Broadly, one can hold one of three positions. The first position is that the text of John 7:53-8:11 is not Scripture and should not be taught. The second position is that the text is not Johannine, but does reflect a real incident in the life of Jesus and may be taught. The third position is that the text is genuinely Johannine and therefore should be taught. I recognize that these are very broad categories and that people may not neatly fit into one category, but the categories are helpful in progressing the discussion.

The majority of commentators I have referenced on the text hold to the second position. For example, in the Expositors Bible Commentary it states:

Although this narrative is included in the sequence of the outline, it can hardly have belonged to the original text of this Gospel. It is absent from most of the oldest copies of the Gospel that precede the sixth century and from the works of the earliest commentators. To say that it does not belong in the Gospel is not identical with rejecting it as unhistorical. Its coherence and spirit show that it was preserved from a very early time, and it accords well with the known character of Jesus. It may be accepted as historical truth; but based on the information we now have, it was probably not a part of the original text.

D.A. Carson expresses a similar view in his commentary on John's gospel (published by Eerdmans). So likewise does R.V.G Tasker in the Tyndale New Testament Commentaries and MacArthur in his study Bible. Borchert, in the New American Commentary, argues that the passage fits better in Luke, where some manuscripts do place the story. The Bible Knowledge Commentary relegates discussion of the text to an appendix and perhaps leans toward the first position.

A proponent of the first position is Daniel Wallace. Dr. Wallace argues: Second, the pericope adulterae is most likely not even historically true. It was probably a story conflated from two different accounts. Thus, the excuse that one can proclaim it because the story really happened is apparently not valid. [emphasis mine] I agree with Dr. Wallace that we have to be consistent. Our goal should be to hold to the true Scriptures, and simply believing in this passage because it's in the King James is not sufficient.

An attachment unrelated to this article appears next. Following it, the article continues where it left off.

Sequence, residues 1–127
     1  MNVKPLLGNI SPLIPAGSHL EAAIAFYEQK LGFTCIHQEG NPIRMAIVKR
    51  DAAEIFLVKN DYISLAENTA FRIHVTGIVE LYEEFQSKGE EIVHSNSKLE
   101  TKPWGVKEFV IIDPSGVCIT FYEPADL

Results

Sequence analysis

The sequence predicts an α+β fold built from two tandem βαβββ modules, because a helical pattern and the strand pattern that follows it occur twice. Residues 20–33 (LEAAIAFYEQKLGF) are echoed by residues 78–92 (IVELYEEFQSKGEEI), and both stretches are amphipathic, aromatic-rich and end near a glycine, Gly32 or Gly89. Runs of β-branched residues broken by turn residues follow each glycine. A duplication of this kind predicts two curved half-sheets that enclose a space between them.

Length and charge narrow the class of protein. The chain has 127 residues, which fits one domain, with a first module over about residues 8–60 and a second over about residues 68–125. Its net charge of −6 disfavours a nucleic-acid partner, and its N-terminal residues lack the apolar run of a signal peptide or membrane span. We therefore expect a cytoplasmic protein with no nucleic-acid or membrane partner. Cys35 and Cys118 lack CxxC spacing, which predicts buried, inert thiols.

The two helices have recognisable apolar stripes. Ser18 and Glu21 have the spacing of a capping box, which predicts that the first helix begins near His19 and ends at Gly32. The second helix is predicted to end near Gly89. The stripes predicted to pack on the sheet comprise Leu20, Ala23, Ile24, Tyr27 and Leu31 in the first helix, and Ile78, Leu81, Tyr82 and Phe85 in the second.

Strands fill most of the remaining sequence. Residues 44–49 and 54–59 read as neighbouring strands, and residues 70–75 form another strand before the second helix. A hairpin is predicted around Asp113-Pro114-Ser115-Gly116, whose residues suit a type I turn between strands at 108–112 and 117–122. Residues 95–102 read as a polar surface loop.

Making the Choice

So, is there no one anymore who holds to position 3? Hendriksen defends the passage in the Baker New Testament Commentary. He feels this is genuine Scripture. After citing three arguments against including this text, he provides four reasons for its inclusion. First, the story fits the context. Second, the primary players in the drama, especially Jesus, are "in character" with the rest of Scripture. Third, Eusibius, the early church historian, relates that Papias, who died shortly after 100 A.D., tells a similar story. Fourth, Augustine states that the story was removed by scribes because it was being used as an excuse for immorality.

Let me dwell on that point for a moment. Even today, one of the most frequent uses of this passage that I hear is someone trying to turn away correction by saying, "Let him who is without sin cast the first stone." So even today the passage is being misused in this manner. It is not hard for me to see that Augustine is correct about this.

James Montgomery Boice in his commentary on John argues similarly to Hendriksen to include this text. His most developed argument is the argument from context:

A good case can be made for its inclusion at this particular place in John’s Gospel. For one thing, without it the change of thought between the fifty-second verse of chapter seven and the twelfth verse of chapter eight is abrupt and unnatural. We do not know where Jesus is in John 8:12, nor to whom he is speaking. For another thing, the introduction of a story at this point seems to fit the pattern that John has been using in these opening chapters. In each case, from chapter 5 onward, a story is used to set the theme of the teaching that follows. Thus, the miracle of healing the disabled man, which begins chapter 5, becomes the text of the sermon that follows. The feeding of the multitude in chapter 6 leads into the discourse on Christ as the bread of life. The discussion between Jesus and his brothers about going up to the feast in chapter 7 is an introduction to Christ’s words at the feast. So, likewise, is the story of his dealing with the adulterous woman an introduction to that speech on the combination of righteousness and freedom in Christ that the rest of the chapter declares that Christ brings.

Finally, Dr. Curt Daniel also adopts the position that the text is genuine. His discussion can be found at the Faith Bible Church website. Scroll down on this page to Sermons from our Sunday Morning Service.